What you need to know
- Apple has told Telegram that it needs to delete some messages because they have personally identifiable information in them.
- Apple doesn't want Telegram to tell anyone why they've been removed, either.
- All this relating to a Belarussian election that some claim was rigged..
There's a bit of a storm brewing between Apple and instant messaging app Telegram with the former telling the latter that it needs to remove some posts because they have personal information in them – information that could identify people said to have helped rig an election in Belarus. And it won't let Telegram tell anyone why the posts have been removed, either.
Jon Gruber does an excellent job of explaining the situation.
Telegram CEO Pavel Durov has been writing about a controversy that I think is fairly summarized as follows: Pro-democracy protestors in Belarus have been using Telegram to (among many other purposes, of course) post information about those who stole the recent election for President Aleksandr Lukashenko. Apple asked Telegram to delete certain posts on the grounds that the posts revealed personal information contrary to App Store rules for "user generated content".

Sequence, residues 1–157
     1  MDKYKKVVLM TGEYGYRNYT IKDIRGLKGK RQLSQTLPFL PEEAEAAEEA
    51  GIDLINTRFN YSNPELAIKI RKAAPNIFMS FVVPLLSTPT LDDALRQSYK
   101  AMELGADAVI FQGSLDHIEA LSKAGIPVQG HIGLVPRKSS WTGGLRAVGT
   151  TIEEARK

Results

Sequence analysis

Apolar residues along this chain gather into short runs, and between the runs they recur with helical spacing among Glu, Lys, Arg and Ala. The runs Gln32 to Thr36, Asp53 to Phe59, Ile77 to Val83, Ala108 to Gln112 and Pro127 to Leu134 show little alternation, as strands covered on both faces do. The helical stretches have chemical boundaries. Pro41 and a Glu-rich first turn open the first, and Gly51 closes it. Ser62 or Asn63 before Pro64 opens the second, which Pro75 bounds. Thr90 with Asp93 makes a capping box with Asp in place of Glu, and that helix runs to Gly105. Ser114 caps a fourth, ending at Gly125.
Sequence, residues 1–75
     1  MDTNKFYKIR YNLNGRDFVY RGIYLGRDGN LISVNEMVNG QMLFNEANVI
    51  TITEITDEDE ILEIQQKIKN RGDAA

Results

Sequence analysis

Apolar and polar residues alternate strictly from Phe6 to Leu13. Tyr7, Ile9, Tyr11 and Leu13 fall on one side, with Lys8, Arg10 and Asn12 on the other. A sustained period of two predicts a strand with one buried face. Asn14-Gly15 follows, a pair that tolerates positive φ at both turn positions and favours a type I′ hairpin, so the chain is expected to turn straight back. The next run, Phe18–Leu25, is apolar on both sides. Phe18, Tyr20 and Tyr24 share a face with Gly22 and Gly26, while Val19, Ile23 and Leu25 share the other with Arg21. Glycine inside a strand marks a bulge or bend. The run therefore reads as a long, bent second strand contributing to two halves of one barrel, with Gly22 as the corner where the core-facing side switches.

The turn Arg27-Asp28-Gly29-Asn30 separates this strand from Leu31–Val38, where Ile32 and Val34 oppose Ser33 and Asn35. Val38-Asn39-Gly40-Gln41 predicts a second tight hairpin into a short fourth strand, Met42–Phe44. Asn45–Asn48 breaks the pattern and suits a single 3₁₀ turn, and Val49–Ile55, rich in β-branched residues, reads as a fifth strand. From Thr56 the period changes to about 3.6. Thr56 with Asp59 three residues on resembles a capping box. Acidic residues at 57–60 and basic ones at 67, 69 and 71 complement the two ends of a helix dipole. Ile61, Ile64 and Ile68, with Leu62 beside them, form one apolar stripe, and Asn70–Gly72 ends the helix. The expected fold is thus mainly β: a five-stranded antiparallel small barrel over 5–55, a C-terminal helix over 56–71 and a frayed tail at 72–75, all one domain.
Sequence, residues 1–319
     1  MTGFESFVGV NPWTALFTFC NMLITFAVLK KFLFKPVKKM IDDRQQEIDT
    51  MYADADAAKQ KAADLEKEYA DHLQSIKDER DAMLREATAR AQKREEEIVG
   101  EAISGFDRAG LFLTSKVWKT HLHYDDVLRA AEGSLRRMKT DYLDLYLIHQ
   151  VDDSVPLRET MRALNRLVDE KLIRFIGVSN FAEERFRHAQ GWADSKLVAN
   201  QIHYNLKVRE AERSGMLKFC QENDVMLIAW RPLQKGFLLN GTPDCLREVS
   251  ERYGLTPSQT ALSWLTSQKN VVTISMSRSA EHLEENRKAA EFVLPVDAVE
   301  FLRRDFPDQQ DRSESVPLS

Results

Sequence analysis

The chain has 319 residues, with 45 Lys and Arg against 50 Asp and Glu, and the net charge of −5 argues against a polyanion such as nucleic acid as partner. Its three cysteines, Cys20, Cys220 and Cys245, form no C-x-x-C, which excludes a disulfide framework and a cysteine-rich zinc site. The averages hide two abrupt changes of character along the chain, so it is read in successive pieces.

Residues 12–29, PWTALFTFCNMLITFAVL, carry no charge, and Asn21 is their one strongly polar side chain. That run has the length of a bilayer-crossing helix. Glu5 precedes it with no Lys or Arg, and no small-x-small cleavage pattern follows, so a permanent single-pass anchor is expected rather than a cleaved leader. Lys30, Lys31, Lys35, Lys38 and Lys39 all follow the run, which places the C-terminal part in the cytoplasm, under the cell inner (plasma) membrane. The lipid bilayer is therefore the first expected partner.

The problem is, Apple won't let Telegram tell users why the posts have been removed.
Telegram CEO Pavel Durov has been writing about the farce.
Previously, when removing posts at Apple's request, Telegram replaced those posts with a notice that cited the exact rule limiting such content for iOS users. However, Apple reached out to us a while ago and said our app is not allowed to show users such notices because they were "irrelevant".
Similarly, when Facebook wanted to inform its users that 30% of the fees users were paying for online events went to Apple, Apple didn't let Facebook do it saying this information was (once more) "irrelevant".
I strongly disagree with Apple's definition of "irrelevant". I think the reason certain content was censored or why the price is 30% higher is the opposite of irrelevant.
None of this is simple, of course. But regardless of the actual removal of the posts themselves and whether Apple should be dipping into Telegram like this, the fact Apple doesn't want to be on the hook for it is crazy.
I've said it before and will adamantly say it again: it is prima facie wrong that one of the rules of the App Store is that an app is not allowed to explain the rules of the App Store. I'm hard pressed to think of an exception to this conviction, not just on Apple's App Store, but in any sphere of life — whether a harmless game or the administration of the law.
The man has a point.